Developing the electronics for a new tech product may seem overwhelming. There is no doubt it can be a complex process that requires considerable engineering expertise. However, by breaking it down into discrete steps the process becomes more manageable and less overwhelming. In fact, I’ll be breaking the electronics development process down into only six steps.
Step #1 – Pre-Design / Topology / Key Component SelectionMany electronics designers begin the development process by immediately creating the schematic circuit diagram, but this is a mistake. Before digging down into all of the numerous details needed to create a schematic diagram, you should first analyze your product’s development from a higher level. The primary goals of the electronics pre-design step are to create a block diagram, select all of the critical components, identify the key risks, and estimate the manufacturing cost.
Step #2 – Schematic Circuit DiagramNow it’s time to design the schematic circuit diagram. A schematic diagram is similar to a blueprint for a new house. It’s an abstract diagram that provides every detail on exactly how all of the various electronic components are connected. Creating the schematic circuit diagram is one of the two core steps necessary in the development of custom electronics. Once the schematic is completed the next step is to turn the abstract diagram into a real-world Printed Circuit Board (PCB) layout design.
Step #3 – Printed Circuit Board (PCB) Design and LayoutThe same software that was used to design the schematic diagram is now used to design the PCB layout. One of the primary functions of this software is to verify that the PCB layout precisely matches the schematic diagram. The PCB design software has the ability to automatically route all of the connectivity traces, but most designs will need to be manually routed in order to optimize performance. The PCB layout can be especially tricky to design for radio-frequency circuits (WiFi, Bluetooth, ZigBee, cellular, GPS, etc.), high power circuits, and high-speed digital circuits such as microprocessors. In addition to confirming the PCB layout precisely matches the requirements specified in the schematic diagram, the design software also verifies trace spacings, trace widths, hole diameters, etc. This verification process confirms that your layout is compatible with your PCB fabrication process. You need to have all the required specifications from the PCB manufacturer before you begin the PCB design. Every PCB manufacturer will have different process specifications. The design rules for the specific PCB fabrication process will need to be entered into your design software for correct verification.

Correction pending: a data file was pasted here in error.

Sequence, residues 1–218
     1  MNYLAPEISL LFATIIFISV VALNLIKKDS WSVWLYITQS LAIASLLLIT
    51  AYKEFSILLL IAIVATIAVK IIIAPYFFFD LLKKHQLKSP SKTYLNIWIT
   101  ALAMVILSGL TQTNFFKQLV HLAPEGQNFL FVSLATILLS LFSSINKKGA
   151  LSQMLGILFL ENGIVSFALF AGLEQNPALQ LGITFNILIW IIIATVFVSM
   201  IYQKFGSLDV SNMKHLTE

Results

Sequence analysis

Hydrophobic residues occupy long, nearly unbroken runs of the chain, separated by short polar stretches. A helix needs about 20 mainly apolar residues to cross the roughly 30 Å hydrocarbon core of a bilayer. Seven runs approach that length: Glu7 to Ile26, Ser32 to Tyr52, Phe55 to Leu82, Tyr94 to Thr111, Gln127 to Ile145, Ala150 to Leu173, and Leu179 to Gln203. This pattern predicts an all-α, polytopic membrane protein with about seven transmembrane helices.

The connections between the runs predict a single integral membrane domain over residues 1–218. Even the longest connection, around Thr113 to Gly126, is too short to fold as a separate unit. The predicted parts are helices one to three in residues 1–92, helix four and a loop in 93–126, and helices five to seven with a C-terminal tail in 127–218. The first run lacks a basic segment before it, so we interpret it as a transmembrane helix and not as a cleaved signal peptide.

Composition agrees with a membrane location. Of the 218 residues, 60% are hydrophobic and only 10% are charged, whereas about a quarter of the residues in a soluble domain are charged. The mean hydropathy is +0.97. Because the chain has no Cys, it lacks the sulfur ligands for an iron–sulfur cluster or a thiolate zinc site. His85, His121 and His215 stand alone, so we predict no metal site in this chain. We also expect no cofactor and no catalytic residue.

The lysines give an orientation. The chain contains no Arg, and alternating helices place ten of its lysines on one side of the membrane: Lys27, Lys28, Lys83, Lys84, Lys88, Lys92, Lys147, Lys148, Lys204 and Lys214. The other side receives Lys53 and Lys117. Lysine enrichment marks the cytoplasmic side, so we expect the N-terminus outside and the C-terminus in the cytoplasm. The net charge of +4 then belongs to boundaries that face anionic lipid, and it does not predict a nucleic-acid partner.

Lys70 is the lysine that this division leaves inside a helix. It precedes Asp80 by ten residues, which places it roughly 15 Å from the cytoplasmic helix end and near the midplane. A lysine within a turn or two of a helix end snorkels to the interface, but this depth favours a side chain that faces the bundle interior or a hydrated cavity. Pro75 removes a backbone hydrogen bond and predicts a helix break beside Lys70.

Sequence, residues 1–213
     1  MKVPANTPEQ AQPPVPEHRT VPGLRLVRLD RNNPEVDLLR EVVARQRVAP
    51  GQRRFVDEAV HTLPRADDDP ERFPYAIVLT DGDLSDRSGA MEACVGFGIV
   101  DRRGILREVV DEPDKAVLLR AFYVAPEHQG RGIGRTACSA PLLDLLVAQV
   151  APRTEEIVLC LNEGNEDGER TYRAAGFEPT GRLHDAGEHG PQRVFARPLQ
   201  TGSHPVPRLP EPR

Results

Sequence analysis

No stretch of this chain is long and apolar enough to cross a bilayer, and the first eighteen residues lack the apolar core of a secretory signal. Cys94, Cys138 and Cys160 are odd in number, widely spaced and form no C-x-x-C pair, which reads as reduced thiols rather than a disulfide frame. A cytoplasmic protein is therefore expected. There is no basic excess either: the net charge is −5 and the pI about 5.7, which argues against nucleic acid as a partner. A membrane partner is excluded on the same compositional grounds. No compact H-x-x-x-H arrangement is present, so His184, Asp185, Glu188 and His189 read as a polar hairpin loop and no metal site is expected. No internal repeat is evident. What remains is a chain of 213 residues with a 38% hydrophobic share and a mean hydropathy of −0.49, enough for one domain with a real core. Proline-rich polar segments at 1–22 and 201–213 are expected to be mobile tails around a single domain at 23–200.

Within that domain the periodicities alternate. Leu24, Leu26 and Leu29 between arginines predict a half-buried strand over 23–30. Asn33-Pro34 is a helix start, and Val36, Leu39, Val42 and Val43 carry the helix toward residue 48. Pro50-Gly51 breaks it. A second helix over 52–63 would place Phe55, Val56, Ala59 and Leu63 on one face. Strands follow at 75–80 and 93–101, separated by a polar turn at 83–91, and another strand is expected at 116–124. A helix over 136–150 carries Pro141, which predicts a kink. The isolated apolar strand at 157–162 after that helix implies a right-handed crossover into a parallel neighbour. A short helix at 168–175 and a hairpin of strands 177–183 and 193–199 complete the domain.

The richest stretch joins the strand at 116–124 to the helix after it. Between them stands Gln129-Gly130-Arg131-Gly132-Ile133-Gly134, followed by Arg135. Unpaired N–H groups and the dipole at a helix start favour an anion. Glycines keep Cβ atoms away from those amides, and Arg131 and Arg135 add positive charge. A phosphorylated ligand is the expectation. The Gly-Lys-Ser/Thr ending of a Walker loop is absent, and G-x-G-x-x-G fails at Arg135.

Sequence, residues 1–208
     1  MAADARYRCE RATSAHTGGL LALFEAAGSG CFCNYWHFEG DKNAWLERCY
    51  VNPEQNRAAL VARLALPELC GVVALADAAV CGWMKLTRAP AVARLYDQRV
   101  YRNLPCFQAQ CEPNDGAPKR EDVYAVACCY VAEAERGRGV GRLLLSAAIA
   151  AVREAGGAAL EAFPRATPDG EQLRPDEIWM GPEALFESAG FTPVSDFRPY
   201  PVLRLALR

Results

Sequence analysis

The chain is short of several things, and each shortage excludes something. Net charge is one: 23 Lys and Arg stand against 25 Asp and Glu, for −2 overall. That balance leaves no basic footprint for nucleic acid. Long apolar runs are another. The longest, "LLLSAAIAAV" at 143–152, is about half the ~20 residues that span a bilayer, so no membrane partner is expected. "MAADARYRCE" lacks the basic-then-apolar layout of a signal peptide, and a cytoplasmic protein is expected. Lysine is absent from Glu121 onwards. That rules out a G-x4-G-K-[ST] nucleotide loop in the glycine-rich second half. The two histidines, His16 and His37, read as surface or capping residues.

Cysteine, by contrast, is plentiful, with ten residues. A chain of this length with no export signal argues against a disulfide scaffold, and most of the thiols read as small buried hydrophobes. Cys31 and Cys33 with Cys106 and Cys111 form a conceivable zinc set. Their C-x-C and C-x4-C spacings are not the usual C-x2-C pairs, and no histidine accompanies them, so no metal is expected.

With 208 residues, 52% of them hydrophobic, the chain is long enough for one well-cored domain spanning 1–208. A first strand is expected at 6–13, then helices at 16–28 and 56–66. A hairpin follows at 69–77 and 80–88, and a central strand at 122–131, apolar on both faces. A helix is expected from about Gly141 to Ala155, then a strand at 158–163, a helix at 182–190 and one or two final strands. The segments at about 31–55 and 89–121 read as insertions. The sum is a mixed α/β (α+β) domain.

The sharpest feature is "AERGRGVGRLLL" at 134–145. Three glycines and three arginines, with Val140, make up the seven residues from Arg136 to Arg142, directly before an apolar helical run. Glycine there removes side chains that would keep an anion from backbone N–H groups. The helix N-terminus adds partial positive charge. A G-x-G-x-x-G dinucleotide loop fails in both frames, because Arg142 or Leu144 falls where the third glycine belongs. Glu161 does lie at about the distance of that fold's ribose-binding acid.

Step #4 – Ordering Your Printed Circuit BoardsOnce your PCB layout is verified to match the schematic and to meet all of the PCB fabrication design rules, then it’s time to send the design data to the PCB manufacturer for fabrication. The production of a custom PCB consists of first producing the empty printed circuit boards, and then soldering on all of the necessary components. Automatic placement machines are used to accurately place and solder on all of the various electronic components. Seeed’s Fusion service includes both of these steps providing you with high-quality, fully assembled circuit boards.
Step #5 – Microcontroller ProgrammingMicrocontrollers serve as the “brains” for most products, and nearly every electronic product will contain them. Some advanced products may instead require a microprocessor which is basically just a much faster version of a microcontroller. Microcontrollers are most often programmed in the computer language “C” and the resulting software is called firmware. You may have to bring in someone who specializes in firmware programming, although some circuit designers also do the firmware programming. Many products may also require the development of a corresponding mobile app. In most cases, a different programmer will be required to develop the mobile app.
Step #6 – Evaluating, Debugging and Revising the DesignSorry, but no product design is ever perfect the very first time. When you receive your first prototype you need to evaluate it for any problems. You’ll then need to debug any problems discovered, and design any necessary fixes. It can be challenging to estimate how long this step will take to complete. This is because any problems found are obviously unexpected. So, the time it takes to fix them remains an unknown until you understand the problem. You will likely need to repeat steps 4-6 multiple times, until your prototype is finalized. About the author John Teel is founder of Predictable Designs, a company which helps entrepreneurs, startups, makers, inventors, and small companies develop and launch new electronic products. John was formerly a senior design engineer for Texas Instruments where he created circuit designs now used in millions of popular electronic products (including some from Apple). He also developed his own hardware product which was sold in over 500 retail locations.
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